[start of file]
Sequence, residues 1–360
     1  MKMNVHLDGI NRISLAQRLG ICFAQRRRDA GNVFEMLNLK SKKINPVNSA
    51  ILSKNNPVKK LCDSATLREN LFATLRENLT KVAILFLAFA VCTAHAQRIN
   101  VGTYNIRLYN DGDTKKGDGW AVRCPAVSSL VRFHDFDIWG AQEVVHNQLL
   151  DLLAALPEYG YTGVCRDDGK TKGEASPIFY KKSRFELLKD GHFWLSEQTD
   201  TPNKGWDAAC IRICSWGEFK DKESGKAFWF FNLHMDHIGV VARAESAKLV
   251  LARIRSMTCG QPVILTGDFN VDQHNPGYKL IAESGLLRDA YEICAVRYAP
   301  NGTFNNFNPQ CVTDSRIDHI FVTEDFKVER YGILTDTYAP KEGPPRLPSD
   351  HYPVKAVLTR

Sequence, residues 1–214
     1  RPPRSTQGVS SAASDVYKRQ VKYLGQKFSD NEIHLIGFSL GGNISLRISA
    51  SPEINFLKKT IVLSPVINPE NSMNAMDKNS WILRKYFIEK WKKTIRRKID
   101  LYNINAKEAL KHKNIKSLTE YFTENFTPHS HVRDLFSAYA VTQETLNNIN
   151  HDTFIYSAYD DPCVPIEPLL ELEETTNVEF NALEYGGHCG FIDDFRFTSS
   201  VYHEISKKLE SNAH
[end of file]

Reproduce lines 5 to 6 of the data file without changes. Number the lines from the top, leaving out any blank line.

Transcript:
   151  DLLAALPEYG YTGVCRDDGK TKGEASPIFY KKSRFELLKD GHFWLSEQTD
   201  TPNKGWDAAC IRICSWGEFK DKESGKAFWF FNLHMDHIGV VARAESAKLV